And yes, we know that this child was anything but ordinary. He was Jesus, the Son of God, conceived by the Holy Spirit to save his people from their sins. But it is important for us to picture this extraordinary child in his very ordinary home, important for us to imagine the wise men’s arrival as something far more commonplace than a dramatic entrance at the stable door along with angels and oxen and shepherds on a Christmas Eve filled with midnight mystery and wordless wonder. No, in Matthew, the magi begin their journey sometime after Jesus was born, arrive in Bethlehem on an ordinary day, park their camels outside of an ordinary house. Perhaps the star they saw was a morning star, and it stopped over Joseph’s door in the hours just before dawn, when the house was still fast asleep. Or perhaps the star stopped in the sky just as the sun tucked itself behind the horizon, at dusk, when Joseph was putting away his tools for the night and Mary was getting out bread and wine for supper, the Son of God bouncing on her hip. There was no fanfare as the magi arrived, no angels singing, nothing so extraordinary as all that; just a holy family, a holy child, in a beautiful, ordinary home.
But when the wise men saw the child, what they did was extraordinary – they knelt down and worshiped him. In the middle of a perfectly ordinary room, before the child and Mary his mother, they fell to their exhausted knees and paid him homage. They saw Jesus in the midst of this ordinary life and knew him to be the Christ, and knew themselves to be in the presence of something, someone astonishing and holy. Right here – right in the living room – a miracle: the child born a ruler to shepherd the people of Israel. And in the magi’s profound act of recognition and worship, this simple, ordinary home was utterly transformed. A house became a palace, and Mary’s lap a throne.
Why should we imagine this story this way? Why is it important to set aside – just for a moment – that other story, that sweet, syncretic scene over there in our crèche? Because when we take Matthew at his word and listen only to his story, we are given a great gift – we are given the confidence that we can recognize Christ in the most ordinary of places. We can see Christ in an ordinary house, at an ordinary time, and we can see how his presence transforms all. Just as Christ’s presence in that simple home made the house of Joseph into the house of the Lord, his living presence among us changes everything. Christ’s presence in this ordinary church on Locust Street makes it into the temple of God. Christ’s presence at our ordinary altar makes it into the threshold of heaven. Christ’s presence on this ordinary earth makes it into the kingdom of God. And Christ’s presence in ordinary you and ordinary me makes us into bearers of his Grace, tabernacles of the living God, marked in our baptisms as Christ’s own forever.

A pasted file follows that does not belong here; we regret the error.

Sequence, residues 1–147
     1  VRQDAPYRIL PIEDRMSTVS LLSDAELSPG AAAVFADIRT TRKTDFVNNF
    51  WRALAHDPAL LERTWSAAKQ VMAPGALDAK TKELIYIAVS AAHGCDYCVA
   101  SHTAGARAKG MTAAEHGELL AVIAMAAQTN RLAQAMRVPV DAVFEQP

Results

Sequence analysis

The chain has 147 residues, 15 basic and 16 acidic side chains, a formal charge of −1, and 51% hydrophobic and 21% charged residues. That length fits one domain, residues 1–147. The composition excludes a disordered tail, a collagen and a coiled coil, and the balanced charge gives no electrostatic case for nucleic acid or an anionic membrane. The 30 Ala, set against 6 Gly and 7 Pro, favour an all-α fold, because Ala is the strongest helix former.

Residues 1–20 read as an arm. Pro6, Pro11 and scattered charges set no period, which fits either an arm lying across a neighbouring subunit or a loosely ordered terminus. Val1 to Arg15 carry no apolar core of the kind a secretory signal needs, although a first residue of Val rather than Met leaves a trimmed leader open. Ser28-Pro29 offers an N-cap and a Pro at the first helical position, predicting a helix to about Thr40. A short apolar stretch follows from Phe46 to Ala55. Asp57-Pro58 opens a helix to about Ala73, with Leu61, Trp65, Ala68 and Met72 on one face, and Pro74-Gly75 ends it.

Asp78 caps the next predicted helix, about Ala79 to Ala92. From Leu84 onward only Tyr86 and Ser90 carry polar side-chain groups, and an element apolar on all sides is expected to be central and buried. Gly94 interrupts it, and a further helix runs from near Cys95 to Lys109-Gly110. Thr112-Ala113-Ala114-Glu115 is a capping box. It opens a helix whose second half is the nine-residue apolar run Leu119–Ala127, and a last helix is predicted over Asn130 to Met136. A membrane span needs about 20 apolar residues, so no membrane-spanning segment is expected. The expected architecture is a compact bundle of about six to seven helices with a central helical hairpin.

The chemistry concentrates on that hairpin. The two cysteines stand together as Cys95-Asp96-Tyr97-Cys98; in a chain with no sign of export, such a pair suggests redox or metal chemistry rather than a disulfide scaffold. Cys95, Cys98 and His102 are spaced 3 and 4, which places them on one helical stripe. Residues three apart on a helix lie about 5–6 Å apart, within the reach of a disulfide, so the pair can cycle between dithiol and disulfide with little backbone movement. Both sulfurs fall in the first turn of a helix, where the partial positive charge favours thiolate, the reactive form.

Thank God. Because if we could only ever see Christ in places that were already wondrous and magical, if we only recognized him in places where angels were already singing and the glory of the Lord was already shining around, you and I would be sunk. If our eyes needed just the right setting, with the right lighting and the right amount of cozy, silent-night comfort to recognize the Son of God, you and I would have no hope.
But we do. Have hope. You and I. We have hope that we “may share in the divine life of him who humbled himself to share our humanity.” We have hope that we can be bold bearers of God’s Grace, carrying the blessing of his presence with us wherever we go, to whatever home we travel, by whichever road. And we have hope that Christ’s presence here, in this ordinary world, will transform everything, is transforming everything, making homes for all of God’s beloved children here and beyond the gates of heaven.
Picture, if you will, the heart you’ve grown up with. Can you feel it, here? Is it soft and warm, or scorched and hard? Is it lonely, afraid, inspired, full to overflowing? Now picture that regular, ordinary heart as a home, as an amiable dwelling for our Lord Jesus Christ. Make that your offering this day and always – give him your heart, whether it is brimming or broken, to be a place where he may abide forever, an ordinary home where you and others may see him and recognize him as their Savior. For then, even without hearing the angel voices on an oh holy night, you, and all the world, can fall on your knees and worship him. And isn’t that extraordinary?
Preached by Mother Erika Takacs
5 January 2014, The Second Sunday after Christmas
Saint Mark's Church, Philadelphia